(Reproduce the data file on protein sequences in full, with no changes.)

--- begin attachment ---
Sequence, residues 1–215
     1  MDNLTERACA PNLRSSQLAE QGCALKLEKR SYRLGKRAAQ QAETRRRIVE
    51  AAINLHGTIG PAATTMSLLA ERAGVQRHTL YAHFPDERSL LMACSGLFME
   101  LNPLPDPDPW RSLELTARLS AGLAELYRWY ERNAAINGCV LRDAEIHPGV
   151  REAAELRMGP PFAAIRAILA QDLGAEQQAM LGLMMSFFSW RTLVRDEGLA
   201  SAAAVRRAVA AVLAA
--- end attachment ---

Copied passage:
Sequence, residues 1–215
     1  MDNLTERACA PNLRSSQLAE QGCALKLEKR SYRLGKRAAQ QAETRRRIVE
    51  AAINLHGTIG PAATTMSLLA ERAGVQRHTL YAHFPDERSL LMACSGLFME
   101  LNPLPDPDPW RSLELTARLS AGLAELYRWY ERNAAINGCV LRDAEIHPGV
   151  REAAELRMGP PFAAIRAILA QDLGAEQQAM LGLMMSFFSW RTLVRDEGLA
   201  SAAAVRRAVA AVLAA